by Samuel L. Leiter
The body of an American referred to by the title of Dan O’Brien’s darkly compelling play, being given a sharply acted and staged production by Primary Stages at the Cherry Lane, is that of Staff Sgt. William David Cleveland. He was the American Army Ranger whose corpse was dragged through the streets of Mogadishu, Somalia, in 1993, an image captured in a Pulitzer Prize-winning photo taken by Canadian war photojournalist Paul Watson. The photo, it turned out, had an incalculable influence on subsequent global events, not least the rise of Al Qaeda.
The Body of an American has won several prestigious awards, premiered at the Portland Center Stage, and has been produced elsewhere, including in London. It examines the relationship between playwright O’Brien (Michael Crane) and Watson (Michael Cumpsty), as O’Brien—having heard Watson interviewed by Terri Gross on NPR’s “Fresh Air”—sets out to write a play about him. (Some of the same material also was used in Jonathan Berger’s opera, The War Reporter, for which O’Brien wrote the libretto.)
This is a two-man, multi-character, uninterrupted, 90-minute work with the ambience of a docudrama, although what’s documented is not so much Watson’s experiences—many of which are recounted—as the relationship between the two men and the sharing of their respective psychological anxieties. Each, in his way, is haunted by ghosts of one sort or another. O’Brien sees in Watson a way to confront his own demons. After an extended e-mail correspondence, the men finally get to spend a chunk of time together among the Inuits in the frozen, barren, boring, arctic landscape of Yellowknife, Northwest Territories, where Watson is on assignment for the Toronto Star.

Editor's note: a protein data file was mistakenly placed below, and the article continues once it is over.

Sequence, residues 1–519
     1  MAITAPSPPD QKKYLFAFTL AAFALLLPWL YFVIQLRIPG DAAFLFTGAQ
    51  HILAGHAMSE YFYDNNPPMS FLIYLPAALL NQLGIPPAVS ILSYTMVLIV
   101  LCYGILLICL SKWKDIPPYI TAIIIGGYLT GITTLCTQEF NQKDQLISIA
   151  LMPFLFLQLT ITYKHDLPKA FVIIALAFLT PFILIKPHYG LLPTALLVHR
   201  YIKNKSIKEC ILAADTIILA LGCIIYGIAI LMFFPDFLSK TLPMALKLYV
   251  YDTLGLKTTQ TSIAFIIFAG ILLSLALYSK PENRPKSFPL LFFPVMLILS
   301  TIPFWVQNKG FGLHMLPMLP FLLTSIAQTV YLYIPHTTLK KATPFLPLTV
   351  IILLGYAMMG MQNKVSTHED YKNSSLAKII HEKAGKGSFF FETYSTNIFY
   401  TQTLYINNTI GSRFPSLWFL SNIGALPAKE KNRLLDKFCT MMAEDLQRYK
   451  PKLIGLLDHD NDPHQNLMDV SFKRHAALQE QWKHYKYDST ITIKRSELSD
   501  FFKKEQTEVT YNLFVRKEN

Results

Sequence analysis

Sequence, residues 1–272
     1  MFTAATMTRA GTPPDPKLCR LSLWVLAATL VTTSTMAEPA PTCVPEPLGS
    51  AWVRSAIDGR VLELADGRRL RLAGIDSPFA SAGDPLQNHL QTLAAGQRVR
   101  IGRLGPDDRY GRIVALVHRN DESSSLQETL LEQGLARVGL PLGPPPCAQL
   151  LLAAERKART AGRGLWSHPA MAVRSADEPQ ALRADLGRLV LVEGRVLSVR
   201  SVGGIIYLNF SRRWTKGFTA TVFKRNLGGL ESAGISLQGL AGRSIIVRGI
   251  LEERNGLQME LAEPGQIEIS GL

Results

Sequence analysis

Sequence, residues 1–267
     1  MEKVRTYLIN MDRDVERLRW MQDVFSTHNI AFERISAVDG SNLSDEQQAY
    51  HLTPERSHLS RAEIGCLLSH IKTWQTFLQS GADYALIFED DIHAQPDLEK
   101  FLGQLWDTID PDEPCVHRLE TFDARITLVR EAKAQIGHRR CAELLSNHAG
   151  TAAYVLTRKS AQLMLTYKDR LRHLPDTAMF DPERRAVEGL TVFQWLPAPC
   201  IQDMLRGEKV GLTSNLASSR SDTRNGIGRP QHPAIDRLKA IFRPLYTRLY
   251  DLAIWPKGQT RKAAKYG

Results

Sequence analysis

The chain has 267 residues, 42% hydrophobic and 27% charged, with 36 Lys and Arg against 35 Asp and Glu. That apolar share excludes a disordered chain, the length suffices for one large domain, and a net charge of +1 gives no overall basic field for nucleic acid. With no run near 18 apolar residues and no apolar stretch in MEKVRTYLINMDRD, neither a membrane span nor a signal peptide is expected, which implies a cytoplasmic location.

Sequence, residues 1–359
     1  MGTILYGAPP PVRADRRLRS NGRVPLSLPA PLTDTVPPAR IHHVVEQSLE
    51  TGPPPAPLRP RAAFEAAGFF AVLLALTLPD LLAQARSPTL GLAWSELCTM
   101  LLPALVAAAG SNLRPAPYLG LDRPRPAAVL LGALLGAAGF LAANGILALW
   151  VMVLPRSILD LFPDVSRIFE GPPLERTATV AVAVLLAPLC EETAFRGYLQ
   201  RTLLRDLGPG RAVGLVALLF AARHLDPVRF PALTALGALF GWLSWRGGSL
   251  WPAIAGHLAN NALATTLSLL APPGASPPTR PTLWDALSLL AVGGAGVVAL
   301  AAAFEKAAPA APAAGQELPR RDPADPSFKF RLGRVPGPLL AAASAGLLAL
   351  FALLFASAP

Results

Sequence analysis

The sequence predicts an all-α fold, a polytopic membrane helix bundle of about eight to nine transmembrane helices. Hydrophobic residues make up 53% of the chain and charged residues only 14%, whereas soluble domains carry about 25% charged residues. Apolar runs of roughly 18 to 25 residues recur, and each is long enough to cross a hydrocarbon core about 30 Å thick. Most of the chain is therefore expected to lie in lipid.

Watson, born with only a stump for his left arm—a handicap he learned to use to his advantage, even in dangerous circumstances—epitomizes the heroic, driven, yet psychically damaged people who bring us the news from the violent cesspools of the world. Like so many others, he worked under horrendous, traumatic circumstances in hellish warzones such as Africa, the Balkans, and the Middle East. In order to get as close to the action as possible, he experienced things that would cause most of us to have ceaseless nightmares. The play reveals the permanent impact this had on his psyche (he suffers from PTSD), in particular, the guilt he felt after he photographed the soldier and thought he heard a voice saying, “If you do this, I will own you forever.” Of the play’s several intense scenes, none is more riveting than the one in which, as if seeking redemption, he speaks to Cleveland’s brother on the phone.
Much of what transpired is presented not in conventional dialogue, but through an impressionistic patchwork of passages from e-mails, recorded comments, and remembered conversations (including with Watson’s therapist), the majority of it spoken directly to the audience even when the characters are talking to one another. Although Crane and Cumpsty, respectively, play O’Brien and Watson, they occasionally speak the other’s lines, as well as those of the many secondary characters that figure intermittently in the story (including Mother Teresa). O’Brien, a poet as well as a dramatist, weaves his own insights into the tense talk, and, inspired by Watson’s book, Where War Lives, questions why men go to war.
Jo Bonney’s beautifully orchestrated direction, using only two chairs, moves the actors around in continually interesting ways. Her staging is supplemented by Richard Hoover’s simple set showing scattered fragments of slatted wall, Darron L West’s superbly inventive soundscape, Alex Basco Koch’s magnificent projections, and Lap Chi Chu’s memorably atmospheric lighting. The Body of an American is as much a triumph of theatrical skill as it is of fine acting and creative dramaturgy. That it also questions the instincts that lead to war makes it even more important that the play be seen.
The Body of an American
Cherry Lane Theatre
38 Commerce Street, NYC
Through March 20
Samuel L. Leiter is Distinguished Professor Emeritus (Theater) of Brooklyn College and the Graduate Center, CUNY. He has written and/or edited 27 books on Japanese theater, New York theater, Shakespeare, and the great stage directors. For more of his reviews, visit Theatre’s Leiter Side (www.slleiter.blogspot.com).